At their meeting in Bremen, state interior ministers representing the CDU/CSU opposition parties have decided to introduce before the parliamentary summer recess an integration bill for non-German residents in the Bundesrat, the second parliamentary chamber representing state governments. Uwe Schünemann (CDU), the interior minister of Lower Saxony, has confirmed that his state will organise the initiative. The bill which, according to Mr Schünemann, will be based on Lower Saxony's state integration law, calls for expanding integration courses for migrants, increasing the current 600-lesson curriculum to almost 1,000 lessons, and expanding obligations to participate to non-Germans who already are residents of Germany and receive welfare payments or unemployment benefits. Furthermore, migrants entering Germany for the first time are to pay the entire course fees themselves, with exceptions granted to migrants entitled to political asylum, so-called "quota refugees" and people depending on welfare payments.

However, Federal Interior Minister Otto Schily (SPD) has rejected the initiative, refusing to split up the government migration bill into several legislative proposals. CDU representatives have also expressed criticism of the proposals. Saarland Premier Peter Müller (CDU) has distanced himself from the proposals of this Lower-Saxony colleague, calling once again for passing the migration reform as a whole. CDU chairwoman Angela Merkel has expressed a similar view, warning fellow party members against creating the impression that the CDU/CSU are blocking a compromise on migration reform. Max Stadler, the FDP interior policy spokesman, has confirmed that his party continues to work for a comprehensive reform of migration law. He has conceded that the Lower Saxony proposals constitute a starting point for discussions concerning migration and integration.
SZ 10.05.03 // FR 13.05.03 // taz 13.05.03 // Welt 13.05.03 // FR 16.05.03 // SZ 16.05.03 // FR. 20.05.03 // SZ 23.05.03

Expert panel for migration and integration has been constituted

Following a decree by Federal Interior Minister Otto Schily (SPD), the federal government has set up an expert panel for migration and integration. The panel was constituted at a meeting in Nuremberg. According to Mr. Schily, the independent panel is responsible for "continuously evaluating the national capacity for immigration and integration as well as current developments in migration". Mr. Schily and Rita Süssmuth, the chairwoman of the expert panel, have both expressed their conviction that the work of the panel will contribute to rendering the migration debate more objective and factual.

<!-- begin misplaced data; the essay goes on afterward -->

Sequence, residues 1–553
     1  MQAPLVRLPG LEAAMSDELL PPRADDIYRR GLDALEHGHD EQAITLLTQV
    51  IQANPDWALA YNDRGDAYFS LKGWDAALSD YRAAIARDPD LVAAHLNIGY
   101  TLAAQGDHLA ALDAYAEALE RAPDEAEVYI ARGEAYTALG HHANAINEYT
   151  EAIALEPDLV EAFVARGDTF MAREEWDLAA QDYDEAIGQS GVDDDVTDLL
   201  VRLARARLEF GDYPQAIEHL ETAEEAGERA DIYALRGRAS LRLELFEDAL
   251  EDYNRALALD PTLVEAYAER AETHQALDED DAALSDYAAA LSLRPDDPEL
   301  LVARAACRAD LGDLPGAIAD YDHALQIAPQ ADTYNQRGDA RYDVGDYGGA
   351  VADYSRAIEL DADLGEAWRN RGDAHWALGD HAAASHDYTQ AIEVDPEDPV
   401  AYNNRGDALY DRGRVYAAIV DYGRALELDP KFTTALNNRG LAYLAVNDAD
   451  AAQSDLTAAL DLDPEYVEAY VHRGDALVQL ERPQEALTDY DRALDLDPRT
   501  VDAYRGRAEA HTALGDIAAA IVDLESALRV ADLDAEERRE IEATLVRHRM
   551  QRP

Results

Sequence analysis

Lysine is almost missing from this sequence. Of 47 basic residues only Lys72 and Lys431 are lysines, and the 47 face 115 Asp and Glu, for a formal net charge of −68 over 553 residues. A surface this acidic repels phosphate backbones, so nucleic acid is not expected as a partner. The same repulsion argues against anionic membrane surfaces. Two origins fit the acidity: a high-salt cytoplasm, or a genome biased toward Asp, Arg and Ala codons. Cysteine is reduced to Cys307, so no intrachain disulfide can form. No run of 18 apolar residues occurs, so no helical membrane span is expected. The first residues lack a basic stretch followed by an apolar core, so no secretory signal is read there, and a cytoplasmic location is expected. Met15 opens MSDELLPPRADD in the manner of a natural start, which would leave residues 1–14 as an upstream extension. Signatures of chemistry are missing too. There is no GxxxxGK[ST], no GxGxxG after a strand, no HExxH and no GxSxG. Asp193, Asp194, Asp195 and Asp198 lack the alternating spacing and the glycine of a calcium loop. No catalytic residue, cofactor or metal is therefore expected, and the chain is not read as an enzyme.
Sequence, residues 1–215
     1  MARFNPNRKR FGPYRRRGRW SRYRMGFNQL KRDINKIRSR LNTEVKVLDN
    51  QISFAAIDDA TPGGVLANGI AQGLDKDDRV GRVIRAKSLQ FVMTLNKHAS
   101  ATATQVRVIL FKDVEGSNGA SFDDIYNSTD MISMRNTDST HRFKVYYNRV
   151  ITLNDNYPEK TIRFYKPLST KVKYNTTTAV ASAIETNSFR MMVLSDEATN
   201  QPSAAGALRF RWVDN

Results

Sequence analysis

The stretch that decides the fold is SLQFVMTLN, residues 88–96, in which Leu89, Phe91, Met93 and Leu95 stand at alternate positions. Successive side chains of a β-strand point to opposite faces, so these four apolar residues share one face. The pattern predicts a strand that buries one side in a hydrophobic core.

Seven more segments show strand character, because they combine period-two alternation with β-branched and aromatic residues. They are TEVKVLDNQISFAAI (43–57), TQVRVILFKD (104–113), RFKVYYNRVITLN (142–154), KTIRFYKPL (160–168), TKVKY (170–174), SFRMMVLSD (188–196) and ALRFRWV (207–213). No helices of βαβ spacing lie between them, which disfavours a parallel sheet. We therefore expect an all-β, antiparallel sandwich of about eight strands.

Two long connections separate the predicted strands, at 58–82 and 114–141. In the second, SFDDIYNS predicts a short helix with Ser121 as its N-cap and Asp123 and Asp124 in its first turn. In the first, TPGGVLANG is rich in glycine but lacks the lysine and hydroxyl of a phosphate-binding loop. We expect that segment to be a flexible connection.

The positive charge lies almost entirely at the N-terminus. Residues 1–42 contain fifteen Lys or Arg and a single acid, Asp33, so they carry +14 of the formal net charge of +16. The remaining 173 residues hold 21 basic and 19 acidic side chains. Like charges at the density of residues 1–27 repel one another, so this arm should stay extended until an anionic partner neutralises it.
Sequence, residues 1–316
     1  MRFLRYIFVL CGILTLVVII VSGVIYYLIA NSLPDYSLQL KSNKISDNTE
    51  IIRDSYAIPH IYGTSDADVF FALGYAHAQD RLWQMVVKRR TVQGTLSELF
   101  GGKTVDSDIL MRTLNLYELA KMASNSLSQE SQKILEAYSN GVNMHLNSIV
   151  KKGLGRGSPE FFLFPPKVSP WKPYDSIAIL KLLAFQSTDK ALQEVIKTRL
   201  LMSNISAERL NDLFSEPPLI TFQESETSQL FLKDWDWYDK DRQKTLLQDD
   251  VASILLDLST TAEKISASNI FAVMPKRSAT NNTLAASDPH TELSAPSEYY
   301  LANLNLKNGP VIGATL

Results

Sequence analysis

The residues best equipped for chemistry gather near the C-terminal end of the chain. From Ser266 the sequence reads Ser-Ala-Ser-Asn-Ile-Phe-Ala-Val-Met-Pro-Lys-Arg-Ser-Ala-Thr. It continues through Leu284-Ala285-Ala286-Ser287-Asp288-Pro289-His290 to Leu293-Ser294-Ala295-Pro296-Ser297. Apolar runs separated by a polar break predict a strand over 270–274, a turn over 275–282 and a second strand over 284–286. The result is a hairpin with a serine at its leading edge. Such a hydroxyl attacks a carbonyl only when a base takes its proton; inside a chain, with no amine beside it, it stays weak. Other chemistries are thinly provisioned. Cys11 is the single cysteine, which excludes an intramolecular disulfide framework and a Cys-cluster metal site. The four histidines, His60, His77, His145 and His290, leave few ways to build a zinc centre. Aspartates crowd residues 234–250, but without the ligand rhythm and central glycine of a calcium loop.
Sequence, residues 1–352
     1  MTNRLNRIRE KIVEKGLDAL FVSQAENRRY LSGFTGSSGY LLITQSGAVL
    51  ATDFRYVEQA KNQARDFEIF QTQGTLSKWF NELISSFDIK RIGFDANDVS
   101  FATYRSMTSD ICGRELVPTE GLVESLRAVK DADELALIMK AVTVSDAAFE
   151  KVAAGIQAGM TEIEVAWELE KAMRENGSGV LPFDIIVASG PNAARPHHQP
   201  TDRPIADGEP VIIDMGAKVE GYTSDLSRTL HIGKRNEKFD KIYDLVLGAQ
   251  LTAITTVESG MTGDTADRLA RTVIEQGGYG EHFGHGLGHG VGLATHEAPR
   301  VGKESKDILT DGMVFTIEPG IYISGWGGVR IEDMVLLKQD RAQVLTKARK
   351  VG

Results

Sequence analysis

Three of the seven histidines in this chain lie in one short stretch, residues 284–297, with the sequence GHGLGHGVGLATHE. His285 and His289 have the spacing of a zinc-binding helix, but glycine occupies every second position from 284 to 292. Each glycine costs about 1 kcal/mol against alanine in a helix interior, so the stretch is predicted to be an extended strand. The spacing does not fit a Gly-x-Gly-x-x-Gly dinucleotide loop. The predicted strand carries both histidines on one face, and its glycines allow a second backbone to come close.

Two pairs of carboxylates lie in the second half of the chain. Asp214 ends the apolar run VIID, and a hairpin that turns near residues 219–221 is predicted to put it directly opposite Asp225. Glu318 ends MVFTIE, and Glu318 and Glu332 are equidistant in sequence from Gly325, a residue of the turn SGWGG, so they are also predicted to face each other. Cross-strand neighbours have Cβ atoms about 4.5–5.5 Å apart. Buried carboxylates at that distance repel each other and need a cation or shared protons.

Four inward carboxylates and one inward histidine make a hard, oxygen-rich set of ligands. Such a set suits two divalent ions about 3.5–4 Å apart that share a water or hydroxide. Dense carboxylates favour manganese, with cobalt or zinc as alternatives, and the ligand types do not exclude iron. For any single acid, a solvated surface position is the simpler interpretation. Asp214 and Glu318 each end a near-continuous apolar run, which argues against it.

The migration panel, which will hold meetings once or twice every month and publish its first report in the summer of 2004, consists of the following members: Rita Süssmuth, the chairwoman, Prof. Klaus J. Bade, director of the Institute for Migration Research and Intercultural Studies, Gerd Landsberg, representative of the German Association of Municipalities, Prof. Gert Wagner, research director at the German Institute for Economic Research, Christoph Kannegießer, representing the German Association of Employers, and Heinz Putzhammer, representing the German Trade Union Association. A seventh member, a demographics expert, is still to be named.
FR 27.05.03 // NN 27.05.03 // SZ 27.05.03

Interior ministers oppose forced repatriation of Afghan and Iraqi refugees

At the spring conference of German interior ministers in Erfurt (Thuringia), ministers have agreed to refrain from the forced repatriation of Afghan and Iraqi refugees for the time being. Even though ministers insist on the eventual repatriation of Afghan and Iraqi refugees, they prefer voluntary repatriation, as unstable conditions in refugees' home countries do at present not allow forced repatriations. Ministers representing the opposition CDU/CSU parties were unable to find a majority supporting repatriations of refugees as early as this summer. However, interior ministers have agreed that Afghan refugees that have committed a criminal offence in Germany or who are suspected of "posing a danger to national security" will be subject to "earlier repatriation". According to reports published by Amnesty International and the UNHCR, the unstable security situation in Afghanistan does not allow any forced repatriations for the time being.

Concerning residence entitlements for Romany people and other ethnic-minority refugees, interior ministers have made it clear that this group will not be granted a permanent residence title, opposing respective proposals by Marieluise Beck (Greens), the Federal Government Commissioner for Migration, Refugees and Integration. Once again, interior ministers give priority to voluntary repatriation, but do not rule out forced repatriation in certain cases. Ministers have called on the Federal Interior Ministry to intensify negotiations with UNMIK, the UN administration of Kosovo, in order to continue and expand repatriations. According to current agreements between UNMIK and the Federal Government, repatriations of some ethnic minorities are permitted on a certain scale. Forced repatriations of Romany people and other members of ethnic minorities, however, are not admissible until March 2004.
FR 07.05.03 // dpa 14.05.03 // FAZ 16.05.03 // FR 16.05.03 // SZ 16.05.03

Asylum statistics

In May 2003, a total of 3,758 persons have submitted petitions for political asylum in Germany, a decrease by 254 persons (- 6.3 %) over the previous months. Asylum figures have thus reached their lowest level since June 1987. Compared to May 2002, the number of asylum seekers has dropped by 29.7 % (1,588 persons).

In May 2003, the main countries of origin were Turkey (456), Serbia and Montenegro (358), Iraq (244), followed by the Russian Federation (234) and China (225). The decrease was most significant for asylum applicants from Iraq; in April, 446 nationals of Iraq had submitted an asylum petition.

During May 2003, the Federal Office for the Recognition of Foreign Refugees has passed decisions on the applications of 7,545 persons, 119 (1.6 %) of whom have been recognised as entitled to political asylum. A further 159 persons (2.1 %) have been granted protection against deportation according to § 51 Par.1 Foreigners Act. The petitions of 5,256 persons (69.7 %) have been rejected.
Press Statement BMI 06.06.03

May 2003